Students connect with heritage at National Museum of the U.S. Air Force

  • Published
  • By Lt. Col. Jason Fields
  • Air Force Institute of Technology

WRIGHT-PATTERSON AIR FORCE BASE, Ohio -- On a crisp fall Saturday morning, 22 students from the Air Force Institute of Technology’s Joint Intermediate Cyberspace Operations Course arrived at the National Museum of the U.S. Air Force for a tour specifically curated for them.  

Led by volunteer museum docent Mike Ries, the students embarked on a 90-minute walking tour Oct. 28, 2023, which included stops in the Space Gallery, Research and Development Gallery, Missile Gallery and Cold War Gallery.

As the group walked and talked, Ries used his passion for history to educate students on various vehicles and displays and the context of their significance to Air and Space Force history. 

The emphasis on education, and not just the visual appeal of interesting aircraft, is evident when you talk to anyone working for or volunteering at the museum. 

“The National Museum of the United States Air Force has vast educational capabilities to offer to today’s warfighter,” said Mike Brimmer, the museum’s Education Division chief. “This capability stems from the museum’s earliest days as a small engineering study collection established to further American airpower in 1923. The history, technology and people that have made today’s Air and Space Forces are on full display here and can serve as a source of both the inspiration and the information needed to meet the mission challenges of today”.

There were many highlights from the visit and one of the students’ favorites was the Lockheed Martin Titan IV-B rocket. The rocket, measuring 204 feet in length and lying on its side, is a formidable visual anchor for the Space Gallery.  The Titan IV-B was the Air Force’s largest and most powerful expendable single-use rocket and could launch payloads to geosynchronous orbit using specifically designed upper stages.

In addition to the Titan IV-B, Ries provided other insight into America’s space program with a discussion of the Apollo 15 command module, Gemini B orbiting laboratory spacecraft and creation of the Space Force.

The North American XB-70 Valkyrie was also an impressive stop on the tour. Located in the Research and Development Gallery, students were able to walk around, under and behind, and get up-close views of the 185-foot aircraft. They learned about the original design concepts and challenges that engineers discovered about aerodynamics, propulsion and large supersonic aircraft from testing XB-70s.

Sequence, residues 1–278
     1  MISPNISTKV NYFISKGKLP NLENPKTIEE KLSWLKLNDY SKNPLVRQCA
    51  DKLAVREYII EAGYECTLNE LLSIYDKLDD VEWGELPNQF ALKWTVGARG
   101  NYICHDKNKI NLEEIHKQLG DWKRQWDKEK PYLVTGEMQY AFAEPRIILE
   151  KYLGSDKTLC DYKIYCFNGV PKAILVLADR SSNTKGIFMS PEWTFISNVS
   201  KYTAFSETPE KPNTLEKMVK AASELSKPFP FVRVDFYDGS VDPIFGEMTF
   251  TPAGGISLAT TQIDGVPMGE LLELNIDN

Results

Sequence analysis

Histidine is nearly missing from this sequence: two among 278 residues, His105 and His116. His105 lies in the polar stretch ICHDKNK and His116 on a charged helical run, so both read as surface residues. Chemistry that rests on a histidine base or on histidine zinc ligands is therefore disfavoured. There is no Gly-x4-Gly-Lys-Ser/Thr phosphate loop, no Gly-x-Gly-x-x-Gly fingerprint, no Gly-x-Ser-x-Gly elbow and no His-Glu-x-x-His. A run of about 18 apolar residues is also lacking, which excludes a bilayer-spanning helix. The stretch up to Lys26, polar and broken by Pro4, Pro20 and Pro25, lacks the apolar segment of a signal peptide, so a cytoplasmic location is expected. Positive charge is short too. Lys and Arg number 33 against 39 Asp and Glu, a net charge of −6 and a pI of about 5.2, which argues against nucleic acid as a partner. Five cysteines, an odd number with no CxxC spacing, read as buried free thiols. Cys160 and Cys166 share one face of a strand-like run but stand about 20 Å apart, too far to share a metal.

Ries called the view from behind the XB-70’s six massive engines, each capable of 30,000 pounds of thrust, possibly the best at the National Museum of the U.S. Air Force.

In the silo-shaped 140-foot-tall Missile Gallery, students saw the Boeing LGM-30G Minuteman III, Thor Agena A and Martin Marietta LGM-118A Peacekeeper up-close. Dwarfed by these vertical giants, Ries discussed the history of the missiles on display, future of America’s missile program and what it takes to build, transport and maintain America’s arsenal.

“I thought the tour at the museum was great,” said Daniel Poll, Cyberspace 200 student. “The tour guide was very knowledgeable and had a lot to share. I especially liked the insight he shared in the Missile Gallery about the Minuteman missiles.”

One of the newest displays, a Russian Sukhoi Su-27 Flanker fighter aircraft, moved from restoration into the museum only three days prior to the tour. Tucked into the Cold War Gallery’s eastern corner, it is one of only a handful of known Flankers in the U.S.

Entering Soviet air forces in 1985, the Su-27 was designed to be a direct competitor for Grumman American F-14 Tomcats and McDonnell Douglas F-15 Eagles. The Su-27, along with the secretive Lockheed F-117A and YCGM-121B Seek Spinner, are part of the museum’s unique aircraft collection. 

The Seek Spinner is an unmanned aerial vehicle designed in the early 1980s to seek out and attack the radars that control enemy anti-aircraft artillery or surface-to-air missile defenses. Using computer-programmed guidance, the aircraft would loiter over a target until sensors detected an enemy radar signal and then follow it to the source and detonate.

The YCGM-121B program was canceled after its last test flight in 1989 and never became operational. Due to its lack of operational use, this unique vehicle was unfamiliar to most people.

Lt. Col. Jason Fields, AFIT’s Department of Cyberspace Studies director, presented Ries with an AFIT School of Strategic Force Studies coin to thank him for leading the tour. 

“Many of the docents are Air Force veterans, and we all appreciate the opportunity to share our experiences and the history of the Department of the Air Force with another generation of Airmen and Guardians,” said JP Clarke, museum volunteer and docent. “The museum’s motto is: ‘We are the keeper of their stories. And as docents, we are the narrators of those stories.”